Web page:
The start of a new academic year marks the beginning of many things for writing center folks, one of which might be collaboration with other stakeholders on campus. In this article, the author, Elizabeth Powers, set out to explore the expectation of collaboration on writing center administrators and what collaboration means and entails with a pool of 37 survey respondents who are writing center directors, and 27 follow-up written or synchronous interviews solicited from the survey respondents. Powers asked: When does interaction count as collaboration? What are key differences in institutional collaborations we need to acknowledge and articulate?

Click here to read Collaborating, Calibrating, and Control: Writing Center Directors Navigate Institutional Interactions

Here’s an update from Elizabeth Powers on August 31, 2022:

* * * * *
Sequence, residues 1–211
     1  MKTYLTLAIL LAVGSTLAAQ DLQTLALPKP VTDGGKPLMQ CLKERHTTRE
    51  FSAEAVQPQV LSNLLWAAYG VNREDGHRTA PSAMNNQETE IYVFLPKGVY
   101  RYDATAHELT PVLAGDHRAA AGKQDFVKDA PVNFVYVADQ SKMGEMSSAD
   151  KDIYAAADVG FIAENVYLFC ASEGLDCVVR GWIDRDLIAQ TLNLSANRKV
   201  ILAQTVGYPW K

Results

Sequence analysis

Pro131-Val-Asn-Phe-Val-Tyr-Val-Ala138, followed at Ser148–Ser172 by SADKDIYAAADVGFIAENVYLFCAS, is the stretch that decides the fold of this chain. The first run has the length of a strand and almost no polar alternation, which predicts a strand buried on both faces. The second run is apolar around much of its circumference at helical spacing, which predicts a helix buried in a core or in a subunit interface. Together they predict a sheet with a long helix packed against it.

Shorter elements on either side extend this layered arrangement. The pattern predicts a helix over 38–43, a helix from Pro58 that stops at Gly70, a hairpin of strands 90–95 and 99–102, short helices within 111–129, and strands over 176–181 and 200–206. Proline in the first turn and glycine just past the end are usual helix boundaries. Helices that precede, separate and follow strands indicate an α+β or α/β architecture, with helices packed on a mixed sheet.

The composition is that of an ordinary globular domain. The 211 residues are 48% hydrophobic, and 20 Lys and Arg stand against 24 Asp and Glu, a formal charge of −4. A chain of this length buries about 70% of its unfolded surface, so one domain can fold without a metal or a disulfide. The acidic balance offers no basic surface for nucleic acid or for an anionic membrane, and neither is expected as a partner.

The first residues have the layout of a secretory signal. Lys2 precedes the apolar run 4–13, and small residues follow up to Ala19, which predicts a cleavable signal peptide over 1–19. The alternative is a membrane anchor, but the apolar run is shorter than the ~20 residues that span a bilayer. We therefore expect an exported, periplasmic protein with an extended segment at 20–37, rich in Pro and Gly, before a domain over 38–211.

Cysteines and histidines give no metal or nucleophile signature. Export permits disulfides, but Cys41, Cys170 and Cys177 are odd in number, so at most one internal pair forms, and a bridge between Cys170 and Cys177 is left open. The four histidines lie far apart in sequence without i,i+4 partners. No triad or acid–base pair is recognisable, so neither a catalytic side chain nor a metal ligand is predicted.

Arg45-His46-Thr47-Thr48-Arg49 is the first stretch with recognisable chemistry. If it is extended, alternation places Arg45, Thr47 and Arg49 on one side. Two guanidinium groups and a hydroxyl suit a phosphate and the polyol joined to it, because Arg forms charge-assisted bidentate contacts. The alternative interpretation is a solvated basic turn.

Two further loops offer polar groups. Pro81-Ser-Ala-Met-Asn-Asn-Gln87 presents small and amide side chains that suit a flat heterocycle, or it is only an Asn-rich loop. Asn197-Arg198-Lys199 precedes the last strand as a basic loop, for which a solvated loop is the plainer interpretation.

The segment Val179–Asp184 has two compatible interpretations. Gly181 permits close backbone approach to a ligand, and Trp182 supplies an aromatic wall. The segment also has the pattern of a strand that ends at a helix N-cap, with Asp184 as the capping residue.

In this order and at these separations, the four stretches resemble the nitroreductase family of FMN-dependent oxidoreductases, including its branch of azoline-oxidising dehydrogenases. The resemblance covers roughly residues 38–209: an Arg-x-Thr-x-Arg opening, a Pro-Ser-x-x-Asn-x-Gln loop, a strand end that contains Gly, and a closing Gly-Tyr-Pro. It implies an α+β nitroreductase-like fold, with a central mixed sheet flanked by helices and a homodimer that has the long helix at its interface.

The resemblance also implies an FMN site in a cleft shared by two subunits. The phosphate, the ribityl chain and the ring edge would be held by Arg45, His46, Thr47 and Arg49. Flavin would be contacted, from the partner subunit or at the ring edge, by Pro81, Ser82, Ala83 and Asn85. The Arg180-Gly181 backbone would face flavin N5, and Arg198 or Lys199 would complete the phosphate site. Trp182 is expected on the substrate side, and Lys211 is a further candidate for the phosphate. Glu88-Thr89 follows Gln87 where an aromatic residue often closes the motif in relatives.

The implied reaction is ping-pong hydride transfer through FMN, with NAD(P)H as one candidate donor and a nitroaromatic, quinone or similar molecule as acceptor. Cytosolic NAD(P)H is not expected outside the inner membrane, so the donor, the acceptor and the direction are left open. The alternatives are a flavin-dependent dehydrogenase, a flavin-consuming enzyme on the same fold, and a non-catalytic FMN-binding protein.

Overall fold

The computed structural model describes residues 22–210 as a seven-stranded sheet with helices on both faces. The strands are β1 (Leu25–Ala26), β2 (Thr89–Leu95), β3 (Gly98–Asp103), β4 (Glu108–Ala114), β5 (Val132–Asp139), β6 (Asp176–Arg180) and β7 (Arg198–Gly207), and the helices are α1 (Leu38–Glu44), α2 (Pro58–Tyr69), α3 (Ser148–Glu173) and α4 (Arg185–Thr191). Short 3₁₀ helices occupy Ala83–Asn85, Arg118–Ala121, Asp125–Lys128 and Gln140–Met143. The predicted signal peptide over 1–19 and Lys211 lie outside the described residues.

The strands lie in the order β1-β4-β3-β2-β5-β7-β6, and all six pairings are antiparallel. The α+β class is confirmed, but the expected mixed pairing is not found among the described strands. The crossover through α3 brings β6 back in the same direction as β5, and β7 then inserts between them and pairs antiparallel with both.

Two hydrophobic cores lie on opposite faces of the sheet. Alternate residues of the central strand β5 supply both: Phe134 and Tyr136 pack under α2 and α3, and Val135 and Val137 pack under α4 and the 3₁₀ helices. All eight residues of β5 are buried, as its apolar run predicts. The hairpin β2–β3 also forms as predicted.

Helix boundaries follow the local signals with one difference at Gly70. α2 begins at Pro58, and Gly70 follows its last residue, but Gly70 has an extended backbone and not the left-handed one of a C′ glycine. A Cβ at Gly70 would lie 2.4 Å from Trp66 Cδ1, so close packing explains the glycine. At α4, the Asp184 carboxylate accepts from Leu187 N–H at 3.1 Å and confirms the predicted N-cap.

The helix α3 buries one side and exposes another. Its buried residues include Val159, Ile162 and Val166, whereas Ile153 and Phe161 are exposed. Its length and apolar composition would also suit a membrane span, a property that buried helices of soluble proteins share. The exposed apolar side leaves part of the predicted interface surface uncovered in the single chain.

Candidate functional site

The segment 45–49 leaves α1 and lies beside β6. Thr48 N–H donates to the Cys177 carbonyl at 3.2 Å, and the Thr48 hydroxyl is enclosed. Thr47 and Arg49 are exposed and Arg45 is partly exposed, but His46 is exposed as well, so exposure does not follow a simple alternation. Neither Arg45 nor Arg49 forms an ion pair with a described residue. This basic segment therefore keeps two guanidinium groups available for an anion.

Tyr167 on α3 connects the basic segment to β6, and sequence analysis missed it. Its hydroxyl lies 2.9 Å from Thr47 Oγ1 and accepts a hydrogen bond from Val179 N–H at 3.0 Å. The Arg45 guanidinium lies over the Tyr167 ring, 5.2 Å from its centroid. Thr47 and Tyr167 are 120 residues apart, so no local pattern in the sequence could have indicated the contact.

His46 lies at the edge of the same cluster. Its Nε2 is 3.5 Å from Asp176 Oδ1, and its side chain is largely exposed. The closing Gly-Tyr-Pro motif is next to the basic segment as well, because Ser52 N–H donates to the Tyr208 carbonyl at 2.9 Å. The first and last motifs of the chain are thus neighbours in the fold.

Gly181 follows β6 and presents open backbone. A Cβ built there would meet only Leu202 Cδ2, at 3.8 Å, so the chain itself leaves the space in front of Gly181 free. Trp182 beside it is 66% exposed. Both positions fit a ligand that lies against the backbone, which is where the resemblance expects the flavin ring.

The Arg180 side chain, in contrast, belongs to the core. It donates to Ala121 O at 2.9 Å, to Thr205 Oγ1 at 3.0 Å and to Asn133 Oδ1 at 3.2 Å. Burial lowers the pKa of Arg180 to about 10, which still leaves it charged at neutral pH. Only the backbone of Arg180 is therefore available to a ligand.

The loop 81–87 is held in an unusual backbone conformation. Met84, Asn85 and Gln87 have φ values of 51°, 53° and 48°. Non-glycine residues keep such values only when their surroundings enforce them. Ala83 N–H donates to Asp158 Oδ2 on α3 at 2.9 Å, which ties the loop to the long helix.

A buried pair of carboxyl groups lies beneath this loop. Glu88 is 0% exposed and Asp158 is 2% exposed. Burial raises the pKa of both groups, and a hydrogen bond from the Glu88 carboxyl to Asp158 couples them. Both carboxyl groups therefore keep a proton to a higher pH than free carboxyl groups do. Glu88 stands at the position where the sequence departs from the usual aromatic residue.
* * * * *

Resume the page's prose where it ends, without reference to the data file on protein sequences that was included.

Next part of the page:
“Though I’m no longer a new writing center director, I find myself, post-covid, in a position similar to where I was six years ago: eager to connect with colleagues and in need of a reflective process to navigate new collaborations. Revisiting this piece can help us think through structures of collaboration and the agency we have to shape our roles and goals therein. While pandemic conditions may have collapsed some of the distinctions between ‘near collaboration’ and ‘far collaboration’, even those two terms are still useful in considering collaboration-impacting elements like access, availability, and disciplinary background. As I work to regain my skills of initiating “organic, spontaneous collaborations” in the moment, I appreciate the reminder to view collaboration as a process, one that works best with open dialogue, clear goal-setting, and fair expectations and representations of labor. Readers interested in this topic may also appreciate Maria L. Soriano Young’s chapter “The Writing Center Speaks Up” in Writing Centers at the Center of Change (2019).”

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